Attorney Articles | HIPAA

Articles by Legal Department Staff

The Legal Department articles are not intended to serve as legal advice and are offered for educational purposes only. The information provided should not be used as a substitute for independent legal advice and it is not intended to address every situation that could potentially arise. Please be aware that laws, regulations and technical standards change over time. As a result, it is important to verify and update any reference or information that is provided in the article.


CAMFT Staff Attorney Luke Martin, MBA, JD, reviews best practices and HIPAA implications for therapists who decide to utilize a third party voice over internet protocol (VoIP) for client interactions.

There are many legal and ethical considerations regarding Telehealth, including HIPAA compliance and regulation issues. This article provides an overview of HIPAA considerations for implementing Telehealth, as well as options for HIPAA compliant Telehealth platforms.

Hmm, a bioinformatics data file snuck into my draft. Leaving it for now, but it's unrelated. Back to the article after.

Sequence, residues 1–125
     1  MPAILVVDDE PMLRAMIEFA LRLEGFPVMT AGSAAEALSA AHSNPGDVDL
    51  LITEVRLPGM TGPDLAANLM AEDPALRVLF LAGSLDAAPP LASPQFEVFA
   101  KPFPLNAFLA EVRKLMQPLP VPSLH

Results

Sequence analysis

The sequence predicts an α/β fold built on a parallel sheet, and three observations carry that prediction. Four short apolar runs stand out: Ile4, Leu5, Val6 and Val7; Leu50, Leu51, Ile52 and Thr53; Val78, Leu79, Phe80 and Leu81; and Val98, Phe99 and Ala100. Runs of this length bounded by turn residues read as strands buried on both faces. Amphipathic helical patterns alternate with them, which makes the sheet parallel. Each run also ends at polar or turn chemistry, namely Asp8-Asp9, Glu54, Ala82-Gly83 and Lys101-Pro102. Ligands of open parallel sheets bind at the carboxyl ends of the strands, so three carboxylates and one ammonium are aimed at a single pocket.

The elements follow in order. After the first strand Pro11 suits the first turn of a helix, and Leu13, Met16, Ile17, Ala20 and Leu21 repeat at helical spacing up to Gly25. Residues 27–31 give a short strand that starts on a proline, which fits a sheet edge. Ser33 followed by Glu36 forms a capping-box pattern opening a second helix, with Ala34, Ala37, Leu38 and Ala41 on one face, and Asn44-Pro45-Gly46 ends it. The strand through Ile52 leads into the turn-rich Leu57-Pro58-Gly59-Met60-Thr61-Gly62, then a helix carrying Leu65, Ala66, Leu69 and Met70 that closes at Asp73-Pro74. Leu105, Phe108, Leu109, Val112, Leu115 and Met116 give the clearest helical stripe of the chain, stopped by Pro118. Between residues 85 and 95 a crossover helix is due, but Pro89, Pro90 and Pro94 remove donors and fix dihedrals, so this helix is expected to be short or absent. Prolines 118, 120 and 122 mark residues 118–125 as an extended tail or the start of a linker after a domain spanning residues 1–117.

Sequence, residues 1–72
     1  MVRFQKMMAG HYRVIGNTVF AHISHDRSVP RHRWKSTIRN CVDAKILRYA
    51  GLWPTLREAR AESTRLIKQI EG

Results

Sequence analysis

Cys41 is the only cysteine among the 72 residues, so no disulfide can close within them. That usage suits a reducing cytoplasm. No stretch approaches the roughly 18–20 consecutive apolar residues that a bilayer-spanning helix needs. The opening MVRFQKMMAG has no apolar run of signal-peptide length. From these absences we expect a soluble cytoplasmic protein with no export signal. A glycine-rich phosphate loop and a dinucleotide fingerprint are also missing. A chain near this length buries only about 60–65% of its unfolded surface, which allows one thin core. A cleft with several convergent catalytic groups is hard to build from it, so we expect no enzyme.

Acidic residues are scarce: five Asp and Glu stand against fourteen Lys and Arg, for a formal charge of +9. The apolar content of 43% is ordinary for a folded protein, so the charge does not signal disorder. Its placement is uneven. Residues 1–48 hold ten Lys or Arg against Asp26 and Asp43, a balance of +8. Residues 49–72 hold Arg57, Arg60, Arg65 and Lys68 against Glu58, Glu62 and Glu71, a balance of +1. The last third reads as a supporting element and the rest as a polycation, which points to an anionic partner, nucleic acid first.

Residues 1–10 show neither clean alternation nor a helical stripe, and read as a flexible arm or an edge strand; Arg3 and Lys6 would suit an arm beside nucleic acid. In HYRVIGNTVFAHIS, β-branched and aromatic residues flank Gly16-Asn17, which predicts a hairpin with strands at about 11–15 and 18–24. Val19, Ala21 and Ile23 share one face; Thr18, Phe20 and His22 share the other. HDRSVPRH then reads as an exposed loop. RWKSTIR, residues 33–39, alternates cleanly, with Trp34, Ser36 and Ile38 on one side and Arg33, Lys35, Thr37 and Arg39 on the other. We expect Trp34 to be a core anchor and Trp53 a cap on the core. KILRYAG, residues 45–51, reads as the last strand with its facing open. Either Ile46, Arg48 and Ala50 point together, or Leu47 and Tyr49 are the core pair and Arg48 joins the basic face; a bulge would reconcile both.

In this article, Ann Tran-Lien, JD discusses a patient’s right to access their confidential mental health information under the Health Insurance Portability and Accountability Act of 1996.

Diligent readers of The Therapist know that the Health Insurance Portability & Accountability Act of 1996 (HIPAA) will have consequences for certain health care providers, including psychotherapists, who are "covered entities" within the meaning of HIPAA.  The purpose of this article is to enable you to understand and to prepare some of the more important forms that HIPAA will require covered entities to use after April 14, 2003.

According to the Office of Civil Rights, which is the federal agency that investigates and enforces HIPAA violations, some covered entities (“CEs”) are getting themselves into difficulty under HIPAA by forgetting about HIPAA’s “minimum necessary” standard. Learn more about the minimum standard in this article.

This article is important for MFTs who are covered providers under HIPAA.  All MFTs, including trainees and interns, should have a working knowledge of it so that they will have a context for understanding changes likely to occur in the health care milieu in the coming years.

On March 16, 2006, the Final Rule for enforcing violations of HIPAA went into effect. Learn how the Final Rule gives the Secretary of Health and Human Services, or his or her designee, the authority to investigate complaints of violations of HIPAA and to impose civil monetary penalties on covered entities that violate any of HIPAA’s provisions.

In this article learn about the various component parts of HIPAA and how they fit together to protect patient's privacy.